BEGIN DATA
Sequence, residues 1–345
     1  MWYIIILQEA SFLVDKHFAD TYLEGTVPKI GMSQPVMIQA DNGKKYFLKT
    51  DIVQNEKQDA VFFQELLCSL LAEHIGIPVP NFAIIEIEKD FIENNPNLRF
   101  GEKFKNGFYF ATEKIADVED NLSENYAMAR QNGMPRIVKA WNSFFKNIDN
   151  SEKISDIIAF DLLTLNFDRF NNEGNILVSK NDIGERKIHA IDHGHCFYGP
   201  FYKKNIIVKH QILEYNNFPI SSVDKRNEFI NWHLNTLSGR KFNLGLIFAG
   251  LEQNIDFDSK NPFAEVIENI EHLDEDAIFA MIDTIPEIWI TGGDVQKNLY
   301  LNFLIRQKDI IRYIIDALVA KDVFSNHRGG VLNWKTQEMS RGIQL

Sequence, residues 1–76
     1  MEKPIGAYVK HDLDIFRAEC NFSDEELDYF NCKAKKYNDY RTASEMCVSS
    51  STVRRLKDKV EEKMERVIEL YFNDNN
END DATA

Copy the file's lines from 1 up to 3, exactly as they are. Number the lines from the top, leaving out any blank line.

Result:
Sequence, residues 1–345
     1  MWYIIILQEA SFLVDKHFAD TYLEGTVPKI GMSQPVMIQA DNGKKYFLKT
    51  DIVQNEKQDA VFFQELLCSL LAEHIGIPVP NFAIIEIEKD FIENNPNLRF